“Federal Rule of Civil Procedure 8(a)(2) requires only ‘a short and plain statement of the claim showing that the pleader is entitled to relief,’ in order to ‘give the defendant fair notice of what the ... claim is and the grounds upon which it rests[.]’ ” Bell Atlantic Corp. v. Twombly, 550 U.S. 544, 555, 127 S.Ct. 1955, 167 L.Ed.2d 929 (2007) (quoting Conley v. Gibson, 355 U.S. 41, 47, 78 S.Ct. 99, 2 L.Ed.2d 80 (1957) ). Nevertheless, a plaintiff's obligation to provide the grounds of entitlement to relief under Rule 8(a)(2) requires more than “naked assertions,” “labels and conclusions,” or “formulaic recitation[s] of the elements of a cause of action.” Twombly, 550 U.S. at 555–57 . The complaint “must contain sufficient factual matter, accepted as true, to ‘state a claim to relief that is plausible on its face.’ ” Ashcroft v. Iqbal, 556 U.S. 662, 129 S.Ct. 1937, 1949, 173 L.Ed.2d 868, 883 (2009) (quoting Twombly, 550 U.S. at 570). Vague and conclusory allegations are insufficient to state a claim. See Ivey v. Board of Regents, 673 F.2d 266, 268 (9th Cir.1982) .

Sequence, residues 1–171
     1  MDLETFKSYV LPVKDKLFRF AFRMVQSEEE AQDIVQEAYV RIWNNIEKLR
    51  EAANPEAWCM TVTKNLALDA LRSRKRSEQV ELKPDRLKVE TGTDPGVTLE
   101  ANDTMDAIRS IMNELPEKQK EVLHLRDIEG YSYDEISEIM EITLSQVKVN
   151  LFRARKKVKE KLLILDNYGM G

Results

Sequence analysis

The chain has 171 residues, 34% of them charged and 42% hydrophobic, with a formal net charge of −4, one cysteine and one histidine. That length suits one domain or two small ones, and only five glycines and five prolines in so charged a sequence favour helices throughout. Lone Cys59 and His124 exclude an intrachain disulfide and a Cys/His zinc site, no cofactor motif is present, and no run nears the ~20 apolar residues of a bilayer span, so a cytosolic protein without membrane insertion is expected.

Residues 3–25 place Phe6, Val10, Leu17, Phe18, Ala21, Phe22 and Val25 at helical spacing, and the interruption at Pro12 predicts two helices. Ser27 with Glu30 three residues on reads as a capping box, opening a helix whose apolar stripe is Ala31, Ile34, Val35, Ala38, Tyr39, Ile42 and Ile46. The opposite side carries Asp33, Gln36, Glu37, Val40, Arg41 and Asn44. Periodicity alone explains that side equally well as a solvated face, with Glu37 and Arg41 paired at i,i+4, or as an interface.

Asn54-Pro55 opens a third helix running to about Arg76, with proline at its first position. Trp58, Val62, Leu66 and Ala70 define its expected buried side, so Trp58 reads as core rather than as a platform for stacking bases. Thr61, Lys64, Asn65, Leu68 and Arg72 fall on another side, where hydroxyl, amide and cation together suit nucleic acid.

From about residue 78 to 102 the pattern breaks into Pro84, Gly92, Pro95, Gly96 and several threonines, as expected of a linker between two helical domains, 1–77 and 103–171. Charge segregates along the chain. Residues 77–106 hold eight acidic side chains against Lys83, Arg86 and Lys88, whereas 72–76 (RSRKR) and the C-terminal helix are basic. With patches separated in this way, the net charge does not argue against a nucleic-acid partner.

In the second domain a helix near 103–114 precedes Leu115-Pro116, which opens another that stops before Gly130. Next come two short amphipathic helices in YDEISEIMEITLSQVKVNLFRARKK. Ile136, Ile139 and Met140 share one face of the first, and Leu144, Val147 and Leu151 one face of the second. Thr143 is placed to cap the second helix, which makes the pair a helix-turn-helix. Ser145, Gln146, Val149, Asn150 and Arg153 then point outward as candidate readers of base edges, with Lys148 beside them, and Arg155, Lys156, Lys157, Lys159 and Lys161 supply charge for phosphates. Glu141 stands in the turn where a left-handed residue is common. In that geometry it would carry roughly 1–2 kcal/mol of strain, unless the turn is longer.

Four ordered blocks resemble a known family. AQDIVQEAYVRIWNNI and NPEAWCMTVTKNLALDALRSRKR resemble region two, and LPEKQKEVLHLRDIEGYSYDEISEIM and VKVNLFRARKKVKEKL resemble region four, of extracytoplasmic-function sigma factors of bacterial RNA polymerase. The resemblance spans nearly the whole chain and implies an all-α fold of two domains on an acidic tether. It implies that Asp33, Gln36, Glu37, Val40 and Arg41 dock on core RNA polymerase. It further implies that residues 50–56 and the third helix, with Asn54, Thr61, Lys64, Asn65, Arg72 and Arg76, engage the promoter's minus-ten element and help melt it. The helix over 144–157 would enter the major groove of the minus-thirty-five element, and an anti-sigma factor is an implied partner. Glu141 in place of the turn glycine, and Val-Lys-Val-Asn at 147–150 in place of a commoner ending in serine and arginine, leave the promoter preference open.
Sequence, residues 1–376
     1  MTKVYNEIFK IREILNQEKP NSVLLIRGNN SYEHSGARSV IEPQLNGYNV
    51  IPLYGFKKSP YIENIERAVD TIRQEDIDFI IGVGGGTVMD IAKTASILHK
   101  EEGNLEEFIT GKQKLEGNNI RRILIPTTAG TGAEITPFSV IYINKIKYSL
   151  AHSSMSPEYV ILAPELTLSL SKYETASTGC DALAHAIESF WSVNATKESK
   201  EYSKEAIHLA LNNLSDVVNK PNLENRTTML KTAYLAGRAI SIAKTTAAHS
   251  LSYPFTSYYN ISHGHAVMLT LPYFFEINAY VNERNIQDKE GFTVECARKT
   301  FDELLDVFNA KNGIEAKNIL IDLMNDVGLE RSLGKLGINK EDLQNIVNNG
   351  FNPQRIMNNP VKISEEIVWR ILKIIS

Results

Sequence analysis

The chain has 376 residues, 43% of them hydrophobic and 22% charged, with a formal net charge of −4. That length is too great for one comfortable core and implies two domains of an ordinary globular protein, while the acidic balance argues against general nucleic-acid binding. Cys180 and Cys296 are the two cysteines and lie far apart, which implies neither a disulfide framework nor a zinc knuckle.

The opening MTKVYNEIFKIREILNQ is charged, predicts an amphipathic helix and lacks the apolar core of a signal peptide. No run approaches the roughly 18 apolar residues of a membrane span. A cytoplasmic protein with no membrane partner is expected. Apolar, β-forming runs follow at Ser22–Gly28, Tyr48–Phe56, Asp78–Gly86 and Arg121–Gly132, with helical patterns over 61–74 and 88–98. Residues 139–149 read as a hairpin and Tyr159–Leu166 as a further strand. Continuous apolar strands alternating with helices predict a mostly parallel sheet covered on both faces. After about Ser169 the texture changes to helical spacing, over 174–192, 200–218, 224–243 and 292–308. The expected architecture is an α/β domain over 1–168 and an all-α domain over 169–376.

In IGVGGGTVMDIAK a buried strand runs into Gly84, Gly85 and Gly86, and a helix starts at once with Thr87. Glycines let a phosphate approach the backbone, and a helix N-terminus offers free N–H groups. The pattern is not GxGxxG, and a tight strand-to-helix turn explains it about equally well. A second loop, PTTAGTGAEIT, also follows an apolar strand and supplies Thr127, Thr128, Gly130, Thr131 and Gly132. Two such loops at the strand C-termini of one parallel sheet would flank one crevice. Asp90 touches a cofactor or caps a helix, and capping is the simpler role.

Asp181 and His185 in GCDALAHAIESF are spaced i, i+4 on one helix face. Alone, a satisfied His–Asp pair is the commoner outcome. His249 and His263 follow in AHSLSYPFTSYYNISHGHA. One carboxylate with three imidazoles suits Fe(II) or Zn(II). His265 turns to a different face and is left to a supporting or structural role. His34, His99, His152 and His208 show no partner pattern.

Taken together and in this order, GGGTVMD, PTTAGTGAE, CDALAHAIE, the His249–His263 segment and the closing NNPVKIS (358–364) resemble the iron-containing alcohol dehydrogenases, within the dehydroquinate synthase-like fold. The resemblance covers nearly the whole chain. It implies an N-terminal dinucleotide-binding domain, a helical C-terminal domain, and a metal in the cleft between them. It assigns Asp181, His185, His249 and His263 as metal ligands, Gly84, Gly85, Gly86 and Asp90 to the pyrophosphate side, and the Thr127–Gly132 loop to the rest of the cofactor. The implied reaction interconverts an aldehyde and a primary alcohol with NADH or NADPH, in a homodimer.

III. Plaintiff's Allegations

Plaintiff names Defendants Robert L. Zucco, Linda Puckett, Owens Valley Indian Housing Authority, and Does 1 through 100. Plaintiff states that Defendant Zucco is a Lone Pine Paiute–Shoshone Tribal member and the executive director of the Owens Valley Indian Housing Authority (OVIHA). According to the complaint, Defendant Puckett is employed as a bookkeeper by the OVIHA. (Doc. 1 at 2–3.) Additionally, it appears that the OVIHA is a tribal agency. ( Id.)